Wolverhampton school staff set for three-day strike over safety concerns

Staff at a troubled Wolverhampton school are set to go on strike next week over concerns about workload and safety.

St Peter's Collegiate School in Wolverhampton
St Peter's Collegiate School in Wolverhampton

Union members are planning a walkout at St Peter's Collegiate School in Compton, with staff said to feel "unsafe" under the current regime.

Concerns have also been raised over a lack of consultation with staff over the future of the school, which has been mired in turmoil for the past two years and was slammed by Ofsted in October for "serious lapses" in safeguarding procedures.

A three-day strike is planned to start on April 20, by which time pupils will have returned to school after the Easter holidays.

A source told the Express & Star: "Staff don't feel safe and they don't feel they are being consulted."

Paul Nesbitt, national executive member for Wolverhampton of teachers' union NASUWT, said the strike was a "last resort" that was necessary as school leaders had failed to address staff concerns.

He said the dispute centred around issues including "adverse management practices" including workload, and a "failure to consult".

There were also health and safety concerns over asbestos and fire safety, with the union still waiting for confirmation that the school's fire alarm system was "fully operational".

Mr Nesbitt said staff initially raised concerns in October "but nothing was acted upon", prompting the union to get involved in a bid to end the stand-off.

"Whilst we accept some elements have been improved through the external intervention we asked for, all teachers should have expected to have their health and safety issues addressed immediately for the safety of all when they were initially raised," he said.

"More importantly all their concerns should have been addressed and in doing this, the school would not have found itself in this position.

Patient

"The NASUWT urges the employer to act on what we have suggested to resolve the dispute. We did not want to be taking strike action, or indeed any industrial action, at this time in particular.

"This is not what our members wanted nor ever thought it would have come to. They have been extremely patient with the school leadership and given them time to make the appropriate changes.

"NASUWT will continue to work with the school in an attempt to get the changes that members are seeking from the existing school leadership team to demonstrate an improved approach in their management style."

St Peter's is overseen by the Lichfield Diocese. It is due to be officially taken over by the diocese's newly formed Three Spires Multi-Academy Trust on May 1. Current headteacher Jonathan Arnold took over in September 2020.

In a letter to parents, Mr Arnold said: "The governors, the diocese and I are very disappointed that some of the teachers have taken this decision, especially on the back of a year in which children’s education has been so badly disrupted already."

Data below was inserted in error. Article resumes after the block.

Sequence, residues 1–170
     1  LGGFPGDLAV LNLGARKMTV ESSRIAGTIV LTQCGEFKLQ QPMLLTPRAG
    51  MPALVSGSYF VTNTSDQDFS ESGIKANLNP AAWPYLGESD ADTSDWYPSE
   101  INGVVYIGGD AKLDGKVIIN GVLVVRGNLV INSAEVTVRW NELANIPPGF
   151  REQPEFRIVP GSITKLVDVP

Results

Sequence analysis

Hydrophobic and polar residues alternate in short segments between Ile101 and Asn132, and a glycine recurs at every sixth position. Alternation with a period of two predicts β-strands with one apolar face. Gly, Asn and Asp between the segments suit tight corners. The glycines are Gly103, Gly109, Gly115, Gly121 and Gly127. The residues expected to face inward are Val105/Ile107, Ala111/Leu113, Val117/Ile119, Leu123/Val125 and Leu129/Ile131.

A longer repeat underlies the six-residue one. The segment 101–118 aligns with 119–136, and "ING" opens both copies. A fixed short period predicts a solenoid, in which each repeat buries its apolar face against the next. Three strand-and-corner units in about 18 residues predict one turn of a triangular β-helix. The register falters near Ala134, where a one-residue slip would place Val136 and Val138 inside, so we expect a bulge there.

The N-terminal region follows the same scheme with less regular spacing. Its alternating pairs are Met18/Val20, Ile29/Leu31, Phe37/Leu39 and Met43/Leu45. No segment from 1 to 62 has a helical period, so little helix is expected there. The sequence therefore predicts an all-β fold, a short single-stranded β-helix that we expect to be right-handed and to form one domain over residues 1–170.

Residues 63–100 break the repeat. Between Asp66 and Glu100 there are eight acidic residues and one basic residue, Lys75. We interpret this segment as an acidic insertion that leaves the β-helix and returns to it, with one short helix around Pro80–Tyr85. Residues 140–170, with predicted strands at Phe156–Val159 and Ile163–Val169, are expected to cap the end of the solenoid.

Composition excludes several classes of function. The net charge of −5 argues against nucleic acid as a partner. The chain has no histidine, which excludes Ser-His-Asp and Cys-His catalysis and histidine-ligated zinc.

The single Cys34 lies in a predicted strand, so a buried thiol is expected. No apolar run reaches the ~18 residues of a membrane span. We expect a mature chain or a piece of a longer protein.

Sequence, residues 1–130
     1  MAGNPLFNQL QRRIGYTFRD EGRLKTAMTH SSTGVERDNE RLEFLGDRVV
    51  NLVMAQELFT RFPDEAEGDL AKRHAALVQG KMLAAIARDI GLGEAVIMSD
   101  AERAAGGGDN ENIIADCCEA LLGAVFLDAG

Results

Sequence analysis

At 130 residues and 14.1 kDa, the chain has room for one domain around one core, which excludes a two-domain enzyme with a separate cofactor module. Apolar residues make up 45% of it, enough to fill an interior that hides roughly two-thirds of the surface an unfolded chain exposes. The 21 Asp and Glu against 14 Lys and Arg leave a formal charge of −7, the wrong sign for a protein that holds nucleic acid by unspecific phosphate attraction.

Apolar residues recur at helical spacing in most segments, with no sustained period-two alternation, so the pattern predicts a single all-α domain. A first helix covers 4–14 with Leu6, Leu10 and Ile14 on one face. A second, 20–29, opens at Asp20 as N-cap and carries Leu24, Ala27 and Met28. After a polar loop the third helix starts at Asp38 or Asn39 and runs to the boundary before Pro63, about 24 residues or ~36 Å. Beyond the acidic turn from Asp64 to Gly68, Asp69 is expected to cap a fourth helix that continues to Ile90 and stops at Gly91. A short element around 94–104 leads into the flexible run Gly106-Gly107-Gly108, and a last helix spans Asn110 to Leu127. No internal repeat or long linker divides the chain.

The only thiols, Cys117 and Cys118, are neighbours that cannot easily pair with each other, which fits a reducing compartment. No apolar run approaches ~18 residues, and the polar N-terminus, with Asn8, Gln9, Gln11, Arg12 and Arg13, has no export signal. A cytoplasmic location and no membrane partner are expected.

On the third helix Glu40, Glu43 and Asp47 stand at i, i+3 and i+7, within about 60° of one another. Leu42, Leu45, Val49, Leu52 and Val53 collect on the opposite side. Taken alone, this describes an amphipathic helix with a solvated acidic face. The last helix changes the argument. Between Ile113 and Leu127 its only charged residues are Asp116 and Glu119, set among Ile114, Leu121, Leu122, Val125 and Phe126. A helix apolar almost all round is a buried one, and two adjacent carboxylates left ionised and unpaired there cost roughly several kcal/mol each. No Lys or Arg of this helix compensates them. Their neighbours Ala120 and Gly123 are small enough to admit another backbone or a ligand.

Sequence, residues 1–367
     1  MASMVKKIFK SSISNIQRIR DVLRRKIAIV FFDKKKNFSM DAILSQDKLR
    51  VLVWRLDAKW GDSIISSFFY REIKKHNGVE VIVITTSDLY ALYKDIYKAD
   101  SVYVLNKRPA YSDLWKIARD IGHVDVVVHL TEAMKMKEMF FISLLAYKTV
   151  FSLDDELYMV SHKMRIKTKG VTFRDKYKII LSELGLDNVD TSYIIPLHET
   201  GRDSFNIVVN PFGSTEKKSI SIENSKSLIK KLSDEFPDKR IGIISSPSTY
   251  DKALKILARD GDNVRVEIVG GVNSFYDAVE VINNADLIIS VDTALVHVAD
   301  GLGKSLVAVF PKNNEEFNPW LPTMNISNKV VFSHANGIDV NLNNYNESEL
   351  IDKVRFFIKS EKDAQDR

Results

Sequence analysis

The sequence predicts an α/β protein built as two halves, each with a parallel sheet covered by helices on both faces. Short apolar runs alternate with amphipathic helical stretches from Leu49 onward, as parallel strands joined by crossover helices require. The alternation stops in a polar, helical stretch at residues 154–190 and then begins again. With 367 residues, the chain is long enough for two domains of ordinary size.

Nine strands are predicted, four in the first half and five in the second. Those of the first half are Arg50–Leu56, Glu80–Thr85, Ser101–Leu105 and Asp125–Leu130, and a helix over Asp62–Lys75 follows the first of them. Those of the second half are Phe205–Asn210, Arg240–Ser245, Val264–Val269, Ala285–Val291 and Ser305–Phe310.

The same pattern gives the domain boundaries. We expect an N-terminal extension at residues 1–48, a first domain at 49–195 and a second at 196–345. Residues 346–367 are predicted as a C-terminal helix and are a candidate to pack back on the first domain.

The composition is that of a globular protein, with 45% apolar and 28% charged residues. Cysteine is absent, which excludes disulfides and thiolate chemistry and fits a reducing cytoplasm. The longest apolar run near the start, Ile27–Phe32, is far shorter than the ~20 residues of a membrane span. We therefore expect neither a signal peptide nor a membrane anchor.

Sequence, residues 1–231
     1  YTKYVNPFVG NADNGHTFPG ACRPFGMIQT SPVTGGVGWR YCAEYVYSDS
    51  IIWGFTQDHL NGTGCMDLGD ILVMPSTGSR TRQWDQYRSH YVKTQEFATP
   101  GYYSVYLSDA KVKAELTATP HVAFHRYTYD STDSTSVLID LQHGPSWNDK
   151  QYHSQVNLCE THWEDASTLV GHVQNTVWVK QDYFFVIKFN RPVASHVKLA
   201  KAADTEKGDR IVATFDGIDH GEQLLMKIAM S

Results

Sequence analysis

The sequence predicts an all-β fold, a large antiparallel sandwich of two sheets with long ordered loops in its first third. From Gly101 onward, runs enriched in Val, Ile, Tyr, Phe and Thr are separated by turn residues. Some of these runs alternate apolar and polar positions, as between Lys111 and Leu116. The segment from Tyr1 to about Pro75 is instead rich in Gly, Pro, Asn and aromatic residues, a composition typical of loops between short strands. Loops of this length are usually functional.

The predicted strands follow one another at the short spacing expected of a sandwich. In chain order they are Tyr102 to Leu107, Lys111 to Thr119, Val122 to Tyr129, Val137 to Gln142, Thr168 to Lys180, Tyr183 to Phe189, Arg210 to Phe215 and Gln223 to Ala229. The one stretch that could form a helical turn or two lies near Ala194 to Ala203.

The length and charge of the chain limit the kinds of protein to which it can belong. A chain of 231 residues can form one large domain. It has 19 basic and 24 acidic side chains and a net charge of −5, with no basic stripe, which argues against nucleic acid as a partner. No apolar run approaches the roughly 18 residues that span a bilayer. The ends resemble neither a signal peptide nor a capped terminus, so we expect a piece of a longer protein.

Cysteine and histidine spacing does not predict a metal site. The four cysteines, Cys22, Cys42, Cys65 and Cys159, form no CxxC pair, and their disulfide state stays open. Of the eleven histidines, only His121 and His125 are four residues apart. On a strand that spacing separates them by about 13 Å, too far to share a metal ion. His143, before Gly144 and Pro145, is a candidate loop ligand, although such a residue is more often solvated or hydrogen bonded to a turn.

A two-day strike had been planned before Easter but was cancelled for talks to take place.

A spokesperson for Lichfield Diocesan Board of Education said: "The majority of staff who are not taking part in the planned action will remain in school so that students can continue to learn in a safe environment and do not have their education disrupted.

Compliant

"We would like to thank students, parents and the community for their support in recent months as the school prepares to transition into our new Three Spires Multi-Academy Trust.

"Three Spires Trust has worked closely with the school to address all concerns raised, including ensuring that the school is fully compliant with health and safety regulations."

Brenda Wile, Wolverhampton Council's deputy director of education, said: "The council has worked closely with the school and the trade union over recent weeks to encourage transparent discussions around the issues that have come to light and we are keen to provide support to the school and the workforce to enable a positive resolution to be reached, including improved communications between the leadership and governance of the school and the workforce.

"The school is working hard to mitigate the impact of the strike action on the students and talks are continuing between the parties.

"The council is also continuing to assist with these endeavours prioritising the needs of the children and young people on roll at the school."

It comes after a period of turmoil for the school starting in early 2019, which saw school chaplain Reverend David Weller having his contract terminated following a complaint, and former headteacher David Lewis suspended.

The reasons for their departures has never been made public, with the diocese saying only that the decisions were not linked.

Last October Ofsted flagged up "serious concerns" about safeguarding procedures at the school, which inspectors said could have put pupils "at risk".

St Peter's is in line for a multi-million pound rebuild under plans announced by the Department for Education earlier this year.

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